(1/263) Feasibility and effect on blood pressure of 6-week trial of low sodium soy sauce and miso (fermented soybean paste).

A double-blind, randomized placebo-controlled study was conducted to evaluate the feasibility of the long-term use of low-sodium soy sauce and miso in the general Japanese population and its effect on blood pressure (BP). Forty men and 24 women were randomly allocated to a low-sodium group (n=32) or a control group (n=32). Low-sodium soy sauce and miso, which were approximately 25% and 20% lower in salt content than common soy sauce and miso, were used in the study. The change in BP after a 6-week intervention was evaluated. There were no significant differences in age, sex, body mass index, BP or hypertension between the 2 groups before intervention. After the 6-week intervention, no significant change in BP was observed in the entire cohort. However, in those aged 40 years and older, 6.4 mmHg net reduction in diastolic BP with no significant change in systolic BP was noted in the low-sodium group. Taste evaluation for the low-sodium seasoning was considerably good. Replacing soy sauce and miso of the common type with the low-sodium alternative is feasible in the general population and could be the basis for a salt reduction strategy in the Japanese diet.  (+info)

(2/263) Angiotensin I-converting enzyme inhibitory peptides isolated from tofuyo fermented soybean food.

Angiotensin I-converting enzyme (ACE) inhibitory activity was observed in a tofuyo (fermented soybean food) extract with an IC(50) value of 1.77 mg/ml. Two ACE inhibitors were isolated to homogeneity from the extract by adsorption and gel filtration column chromatography, and by reverse-phase high-performance liquid chromatography (HPLC). The purified substances reacted with 2,4,6-trinitrobenzensulfonic acid sodium salt. The amino acid sequences of these inhibitors determined by Edman degradation were Ile-Phe-Leu (IC(50), 44.8 microM) and Trp-Leu (IC(50), 29.9 microM). The Ile-Phe-Leu sequence is found in the alpha- and beta-subunits of beta-conglycinin, while the Trp-Leu sequence is in the B-, B1A- and BX-subunits of glycinin from soybean. Both of the peptides are non-competitive inhibitors. The inhibitory activity of Trp-Leu was completely preserved after a treatment with pepsin, chymotrypsin or trypsin. Even after successive digestion by these gastrointestinal proteases, the activity remained at 29% of the original value.  (+info)

(3/263) Soy and isoflavone consumption in relation to prostate cancer risk in China.

This case-control study in China evaluated the effect of soy food consumption and isoflavones (genistein and daidzein) on the risk of prostate cancer. One hundred and thirty-three cases and 265 age- and residential community-matched controls between the ages of 50 and 89 years were interviewed in person between 1989 and 1992. Usual consumption of soy foods and isoflavones was assessed using a food frequency questionnaire developed in China and a nutrient database developed and validated in Asian-American populations. The age- and total calorie-adjusted odds ratio (OR) of prostate cancer risk comparing the highest tertile of tofu intake to the lowest tertile was 0.58 [95% confidence interval (CI), 0.35-0.96]. There were also statistically significant associations comparing the highest quartile of intake of soy foods (OR, 0.51; 95% CI, 0.28-0.95) and genistein (OR, 0.53; 95% CI, 0.29-0.97) with the lowest quartiles. There was also an indication of a reduced risk associated with intake of daidzein (OR, 0.56; 95% CI, 0.31-1.04 for the highest versus lowest quartile). Our results indicate a reduced risk of prostate cancer associated with consumption of soy foods and isoflavones. These findings should be confirmed in longitudinal follow-up studies in populations with varying risk of prostate cancer.  (+info)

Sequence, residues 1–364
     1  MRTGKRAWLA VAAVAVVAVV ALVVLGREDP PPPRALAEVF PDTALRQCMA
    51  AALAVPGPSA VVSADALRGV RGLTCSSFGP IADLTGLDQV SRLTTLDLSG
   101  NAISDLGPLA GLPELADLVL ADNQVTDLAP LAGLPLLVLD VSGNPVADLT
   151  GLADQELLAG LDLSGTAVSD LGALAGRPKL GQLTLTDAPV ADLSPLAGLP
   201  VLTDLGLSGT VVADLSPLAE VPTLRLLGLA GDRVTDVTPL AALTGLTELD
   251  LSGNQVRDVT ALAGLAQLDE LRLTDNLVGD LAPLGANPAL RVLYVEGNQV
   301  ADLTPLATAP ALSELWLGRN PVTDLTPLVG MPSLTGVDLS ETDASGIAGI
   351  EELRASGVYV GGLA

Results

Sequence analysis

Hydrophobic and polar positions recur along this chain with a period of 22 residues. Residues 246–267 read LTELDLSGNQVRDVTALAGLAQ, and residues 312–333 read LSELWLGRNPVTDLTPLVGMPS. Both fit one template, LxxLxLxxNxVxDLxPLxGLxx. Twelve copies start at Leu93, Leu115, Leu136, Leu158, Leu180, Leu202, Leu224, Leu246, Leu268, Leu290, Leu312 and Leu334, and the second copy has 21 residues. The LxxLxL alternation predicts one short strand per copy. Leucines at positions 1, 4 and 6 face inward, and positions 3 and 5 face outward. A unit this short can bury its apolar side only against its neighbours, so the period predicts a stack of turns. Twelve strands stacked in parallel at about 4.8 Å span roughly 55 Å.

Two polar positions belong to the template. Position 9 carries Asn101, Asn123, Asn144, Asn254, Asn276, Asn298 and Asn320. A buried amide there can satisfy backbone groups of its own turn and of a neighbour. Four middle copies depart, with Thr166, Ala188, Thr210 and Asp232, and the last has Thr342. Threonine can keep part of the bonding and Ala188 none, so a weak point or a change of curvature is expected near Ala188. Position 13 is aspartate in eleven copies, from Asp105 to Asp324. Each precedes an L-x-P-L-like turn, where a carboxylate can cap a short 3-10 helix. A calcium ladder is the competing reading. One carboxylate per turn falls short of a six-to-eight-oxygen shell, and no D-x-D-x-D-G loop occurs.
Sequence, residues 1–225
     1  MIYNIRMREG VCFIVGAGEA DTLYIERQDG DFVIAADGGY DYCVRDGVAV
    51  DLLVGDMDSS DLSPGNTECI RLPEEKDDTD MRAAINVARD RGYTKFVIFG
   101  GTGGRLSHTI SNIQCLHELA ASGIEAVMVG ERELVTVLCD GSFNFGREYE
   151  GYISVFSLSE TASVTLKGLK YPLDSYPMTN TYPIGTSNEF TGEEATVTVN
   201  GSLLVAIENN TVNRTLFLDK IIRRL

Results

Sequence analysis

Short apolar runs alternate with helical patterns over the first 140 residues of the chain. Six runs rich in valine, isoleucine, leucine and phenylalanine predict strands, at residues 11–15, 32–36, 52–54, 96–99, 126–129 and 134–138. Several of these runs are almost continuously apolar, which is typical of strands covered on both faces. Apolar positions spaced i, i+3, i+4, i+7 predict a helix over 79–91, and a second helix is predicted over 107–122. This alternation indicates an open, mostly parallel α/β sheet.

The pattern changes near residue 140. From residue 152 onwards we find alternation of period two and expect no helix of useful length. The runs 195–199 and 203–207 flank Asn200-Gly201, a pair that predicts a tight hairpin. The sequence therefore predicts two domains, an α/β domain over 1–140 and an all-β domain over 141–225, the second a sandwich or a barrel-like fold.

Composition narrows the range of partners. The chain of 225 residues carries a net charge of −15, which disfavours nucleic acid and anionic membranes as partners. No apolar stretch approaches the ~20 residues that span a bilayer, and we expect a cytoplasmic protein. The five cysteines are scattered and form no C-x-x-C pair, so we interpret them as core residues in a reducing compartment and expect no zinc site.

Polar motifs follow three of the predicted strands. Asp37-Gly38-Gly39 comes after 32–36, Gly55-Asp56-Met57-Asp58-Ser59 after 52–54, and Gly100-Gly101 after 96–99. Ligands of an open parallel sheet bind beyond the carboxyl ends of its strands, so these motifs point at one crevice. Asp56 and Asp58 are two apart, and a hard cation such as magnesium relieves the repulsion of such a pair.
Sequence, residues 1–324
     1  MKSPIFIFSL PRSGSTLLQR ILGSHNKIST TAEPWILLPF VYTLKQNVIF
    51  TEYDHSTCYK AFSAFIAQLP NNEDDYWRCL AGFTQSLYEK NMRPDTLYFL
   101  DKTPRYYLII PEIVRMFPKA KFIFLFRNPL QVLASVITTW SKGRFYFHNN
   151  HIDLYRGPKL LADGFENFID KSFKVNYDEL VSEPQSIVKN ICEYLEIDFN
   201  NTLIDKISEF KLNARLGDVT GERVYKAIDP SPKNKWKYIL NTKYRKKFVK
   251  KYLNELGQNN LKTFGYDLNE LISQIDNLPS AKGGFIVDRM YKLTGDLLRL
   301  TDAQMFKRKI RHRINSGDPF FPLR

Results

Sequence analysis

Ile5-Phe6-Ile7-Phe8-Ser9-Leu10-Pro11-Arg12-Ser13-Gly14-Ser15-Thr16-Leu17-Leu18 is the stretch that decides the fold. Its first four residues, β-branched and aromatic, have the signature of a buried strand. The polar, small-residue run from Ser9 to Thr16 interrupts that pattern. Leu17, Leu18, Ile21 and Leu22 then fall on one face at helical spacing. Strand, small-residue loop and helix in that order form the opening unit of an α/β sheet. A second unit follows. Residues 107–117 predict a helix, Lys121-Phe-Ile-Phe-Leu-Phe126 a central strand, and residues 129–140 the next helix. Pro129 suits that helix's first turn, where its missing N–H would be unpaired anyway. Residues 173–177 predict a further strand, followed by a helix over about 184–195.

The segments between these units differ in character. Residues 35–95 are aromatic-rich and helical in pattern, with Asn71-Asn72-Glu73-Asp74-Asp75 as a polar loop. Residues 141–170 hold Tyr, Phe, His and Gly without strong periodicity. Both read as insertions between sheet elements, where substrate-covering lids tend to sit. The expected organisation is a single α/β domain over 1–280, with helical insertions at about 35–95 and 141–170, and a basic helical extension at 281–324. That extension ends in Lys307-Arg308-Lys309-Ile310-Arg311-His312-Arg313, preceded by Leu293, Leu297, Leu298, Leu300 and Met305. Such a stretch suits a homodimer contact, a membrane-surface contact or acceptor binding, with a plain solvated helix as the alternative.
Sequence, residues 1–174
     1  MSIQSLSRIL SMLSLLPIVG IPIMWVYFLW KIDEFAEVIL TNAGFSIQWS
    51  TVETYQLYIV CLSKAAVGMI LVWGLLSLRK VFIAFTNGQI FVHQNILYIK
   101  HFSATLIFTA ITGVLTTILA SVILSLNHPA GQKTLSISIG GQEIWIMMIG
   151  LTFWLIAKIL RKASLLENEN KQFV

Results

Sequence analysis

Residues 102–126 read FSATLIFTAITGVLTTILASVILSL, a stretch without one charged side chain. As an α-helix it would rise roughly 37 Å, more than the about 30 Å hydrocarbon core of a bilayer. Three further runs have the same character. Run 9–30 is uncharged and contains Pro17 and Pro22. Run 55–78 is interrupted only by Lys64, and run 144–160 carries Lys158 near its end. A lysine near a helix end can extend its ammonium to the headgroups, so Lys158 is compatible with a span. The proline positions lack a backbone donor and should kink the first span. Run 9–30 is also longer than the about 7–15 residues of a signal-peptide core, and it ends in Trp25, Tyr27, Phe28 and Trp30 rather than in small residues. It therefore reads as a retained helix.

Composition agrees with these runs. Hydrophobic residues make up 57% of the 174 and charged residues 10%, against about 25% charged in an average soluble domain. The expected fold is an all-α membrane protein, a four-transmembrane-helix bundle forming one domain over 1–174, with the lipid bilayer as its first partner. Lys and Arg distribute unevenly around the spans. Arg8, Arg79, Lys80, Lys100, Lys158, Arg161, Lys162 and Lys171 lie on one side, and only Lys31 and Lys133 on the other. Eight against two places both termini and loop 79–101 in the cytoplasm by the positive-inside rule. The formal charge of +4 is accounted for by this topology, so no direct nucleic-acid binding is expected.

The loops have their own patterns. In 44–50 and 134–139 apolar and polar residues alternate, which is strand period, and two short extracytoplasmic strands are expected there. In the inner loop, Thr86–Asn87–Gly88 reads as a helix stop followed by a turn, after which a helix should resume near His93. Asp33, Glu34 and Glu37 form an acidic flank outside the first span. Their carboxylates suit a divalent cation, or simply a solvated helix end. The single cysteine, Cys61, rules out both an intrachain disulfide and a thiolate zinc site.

(4/263) Serum isoflavones and soya food intake in Japanese, Thai and American end-stage renal disease patients on chronic haemodialysis.

BACKGROUND: Soya foods, a staple in several Asian countries, have received increasing attention because of their nutritional properties and their high isoflavone content. We have shown recently abnormal pharmacokinetics of soya isoflavones following acute oral intake, in soya-naive end-stage renal disease (ESRD) patients. No information is available, however, about blood levels of soya isoflavones in ESRD patients with habitual soya intake. Additionally, no information is available about the conjugation profile of these compounds in ESRD patients. METHODS: To assess the relationship between habitual soya intake on blood isoflavone levels in ESRD patients, we recorded dietary soya food intake and analysed circulating levels of soya isoflavones in randomly selected, clinically stable haemodialysis patients from the United States (n = 20), Thailand (n = 17) and Japan (n = 20). Dietary records and three weekly blood samples were collected from each participant. Combined isoflavones and individual genistein, daidzein, glycitein and O-desmethylangolensin (DMA) were analysed in serum by liquid chromatography/mass spectrometry. Lipid phase micronutrients, including tocopherols, carotenoids and retinol were also measured to compare ethnic differences in isoflavones with those of more common lipid soluble antioxidant micronutrients. RESULTS: Soya intake was higher in Japanese than in Thai patients and it was negligible in the US patients. Blood levels of genistein were very elevated and significantly higher in the Japanese patients (1128 +/- 205 nM), as compared with the Thai and US patients (258 +/- 64 and 168 +/- 49 nM, respectively; P < 0.001). The other isoflavones followed the same trend. Daidzein was more concentrated than genistein in the dialysis patients. Robust correlation was present between weekly soya intake and blood isoflavone levels (r = 0.56, P < 0.001). Despite very high total isoflavone concentrations, the levels of unconjugated and sulphated isoflavones in the Japanese patients were comparable to those described in healthy subjects. Compared with the striking difference in isoflavones, more easily accessible dietary antioxidants, including tocopherols, carotenoids and retinol, differed only minimally or not at all in the three groups. CONCLUSIONS: ESRD patients appear to accumulate isoflavones as a function of dietary soya intake, resulting in blood concentrations that are higher than those reported in subjects with preserved kidney function. Even in the presence of very elevated total isoflavone levels, the concentrations of the unconjugated and sulphated fractions are comparable to those of healthy subjects. A discrepancy is noted between accumulation of soya isoflavones and other more common lipid-soluble antioxidant micronutrients.  (+info)